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Thousands of workers from Gaza are trapped in the West Bank and can't go home


It is now the fourth day of Israel's ground invasion into Gaza in response to the October 7 Hamas attack that killed 1,400 people in Israel. Fatalities in Gaza continue to grow. Israeli attacks there have now killed more than 8,000 people, according to Gaza's Ministry of Health. Shelters run by the U.N. Palestinian refugee agency, or UNRWA, are crowded with roughly 670,000 people - four times the number they're built to withstand.


Medical facilities are also operating at their limit. Dr. Fadel Naim has not left Al-Ahly Arab Hospital in Gaza since the war began. The telecoms blackout over the weekend left him and his colleagues unable to communicate with other hospitals or with their loved ones.

FADEL NAIM: They were one of the most difficult hours we have lived through in recent days.

SUMMERS: When phones started working again, Dr. Naim says his heart was filled with joy, as if the war had ended.

NAIM: Each of us started calling our loved ones to reassure that they are OK. And our hearts beat hard when the person we call didn't answer because we hadn't any connection, any communication with our people for two day long.

SUMMERS: Another group frantically searching for news during the blackout - thousands of workers from Gaza who had been in jobs in Israel and are now trapped in the West Bank and can't go home. NPR's Elissa Nadworny visited a military university in Jericho where hundreds are staying.

ELISSA NADWORNY, BYLINE: At a university campus in the Palestinian city of Jericho, laundry hangs from the windows. Men lounge on mattresses pushed up against the wall, scrolling for news from Gaza. There are communal sinks...


NADWORNY: ...And an impromptu barbershop...


NADWORNY: ...Where you can get a shave and a trim if you join the wait list. It's a makeshift camp home to more than 400 workers from Gaza. They sleep in rooms filled with bunk beds. When we visit, they tell us...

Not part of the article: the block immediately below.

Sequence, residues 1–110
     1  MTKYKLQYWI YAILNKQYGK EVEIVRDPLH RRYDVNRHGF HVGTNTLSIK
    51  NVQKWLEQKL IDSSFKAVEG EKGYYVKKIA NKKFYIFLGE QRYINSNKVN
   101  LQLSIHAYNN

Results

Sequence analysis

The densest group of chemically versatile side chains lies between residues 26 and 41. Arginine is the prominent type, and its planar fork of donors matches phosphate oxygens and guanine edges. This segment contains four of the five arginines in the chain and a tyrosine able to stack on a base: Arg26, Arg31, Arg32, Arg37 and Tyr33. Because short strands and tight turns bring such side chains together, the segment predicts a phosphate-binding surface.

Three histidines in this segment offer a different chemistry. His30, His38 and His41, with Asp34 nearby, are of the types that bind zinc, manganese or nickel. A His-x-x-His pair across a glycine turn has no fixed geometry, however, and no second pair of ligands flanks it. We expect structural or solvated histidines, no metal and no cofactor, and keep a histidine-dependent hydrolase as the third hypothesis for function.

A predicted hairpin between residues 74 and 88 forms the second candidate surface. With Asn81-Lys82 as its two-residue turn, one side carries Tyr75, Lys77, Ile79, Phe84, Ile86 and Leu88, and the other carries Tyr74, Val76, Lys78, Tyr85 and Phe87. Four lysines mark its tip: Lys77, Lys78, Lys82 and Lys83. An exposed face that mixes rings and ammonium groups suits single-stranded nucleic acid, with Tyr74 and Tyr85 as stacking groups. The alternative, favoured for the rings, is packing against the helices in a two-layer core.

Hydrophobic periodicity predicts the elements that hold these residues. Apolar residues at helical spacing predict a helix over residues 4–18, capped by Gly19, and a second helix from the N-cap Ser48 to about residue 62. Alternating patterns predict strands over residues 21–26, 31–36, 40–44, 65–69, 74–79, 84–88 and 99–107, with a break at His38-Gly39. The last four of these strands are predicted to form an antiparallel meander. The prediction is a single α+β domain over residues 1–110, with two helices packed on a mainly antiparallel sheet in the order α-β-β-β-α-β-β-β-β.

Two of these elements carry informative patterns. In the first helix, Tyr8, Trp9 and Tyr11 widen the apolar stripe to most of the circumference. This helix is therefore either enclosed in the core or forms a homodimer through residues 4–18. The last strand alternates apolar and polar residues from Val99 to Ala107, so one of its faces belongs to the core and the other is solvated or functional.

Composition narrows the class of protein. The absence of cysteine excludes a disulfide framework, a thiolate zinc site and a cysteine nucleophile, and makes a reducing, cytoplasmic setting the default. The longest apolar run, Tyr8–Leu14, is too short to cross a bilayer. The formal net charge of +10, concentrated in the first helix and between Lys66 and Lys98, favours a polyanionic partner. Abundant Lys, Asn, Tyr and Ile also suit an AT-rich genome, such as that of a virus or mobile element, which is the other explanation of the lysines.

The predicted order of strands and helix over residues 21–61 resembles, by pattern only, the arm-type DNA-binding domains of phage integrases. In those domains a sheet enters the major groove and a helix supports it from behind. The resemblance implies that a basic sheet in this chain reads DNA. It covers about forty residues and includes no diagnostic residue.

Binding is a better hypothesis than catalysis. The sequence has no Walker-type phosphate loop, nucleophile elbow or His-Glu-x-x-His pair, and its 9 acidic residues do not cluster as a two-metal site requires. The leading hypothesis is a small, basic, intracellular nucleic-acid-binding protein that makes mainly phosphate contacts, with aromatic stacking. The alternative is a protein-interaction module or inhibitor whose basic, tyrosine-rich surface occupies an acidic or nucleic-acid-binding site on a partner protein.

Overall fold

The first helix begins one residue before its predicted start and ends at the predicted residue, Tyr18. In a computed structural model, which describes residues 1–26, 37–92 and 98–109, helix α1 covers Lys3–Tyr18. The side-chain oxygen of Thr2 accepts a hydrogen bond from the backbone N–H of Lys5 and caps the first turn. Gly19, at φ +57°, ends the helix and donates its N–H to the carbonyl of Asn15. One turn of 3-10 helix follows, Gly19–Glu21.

UNIDENTIFIED PERSON #1: (Speaking Arabic).

UNIDENTIFIED PERSON #2: (Speaking Arabic).

NADWORNY: ..."All we want is to go home to Gaza." These men are among the nearly 20,000 people from Gaza that had permits to work in Israel. Many of them work in restaurants or retail or as construction workers.

WALID: (Speaking Arabic).

NADWORNY: For the last year, Walid has worked in construction near Tel Aviv. He usually stays in an apartment there for two weeks at a time. We're not using his last name because he's afraid for his safety. After Hamas militants crossed into Israel and killed 1,400 people, Walid was among the workers from Gaza who are unable to return home.

And tell us a little bit about that day, October 7, for you. What was that like? What happened?

WALID: (Speaking Arabic).

NADWORNY: He says on the morning of October 7, his Jewish employer called him on the Sabbath, which he never does, and said, be careful. Don't leave your apartment. This war will be dangerous for you.

WALID: (Speaking Arabic).

NADWORNY: A few days later, Israel revoked work permits for people from Gaza.

WALID: (Speaking Arabic).

NADWORNY: So Walid stayed inside for a week. He didn't leave. He ran out of food.

WALID: (Speaking Arabic).

NADWORNY: His wife called him. She'd been worried about him being in Israel. Israeli authorities did detain thousands of workers from Gaza, some of them violently, according to an Israeli human rights group. Walid got a visit from police. He suspects a neighbor heard him speaking Arabic.

WALID: (Speaking Arabic).

NADWORNY: He didn't answer the door. He pretended to be asleep.

WALID: (Speaking Arabic).

NADWORNY: He says he was afraid and began to shiver. He worried about his children. His daughter wants to be a doctor. She's in her first year at university. The money he sends home from work in Israel helps pay for her tuition.

WALID: (Speaking Arabic).

NADWORNY: But the police went away, and then his employer called. Come down into the street. I'll wait for you there, he said.

WALID: (Speaking Arabic).

NADWORNY: Walid got into his employer's car and made it to the West Bank, which is under Israeli occupation but where the Palestinian Authority has some local control. That's where thousands of workers from Gaza have taken refuge. There are estimated to be about 1,500 here in Jericho.

IBRAHIM ALFARANY: (Speaking Arabic).

WALID: (Speaking Arabic).

ALFARANY: (Speaking Arabic).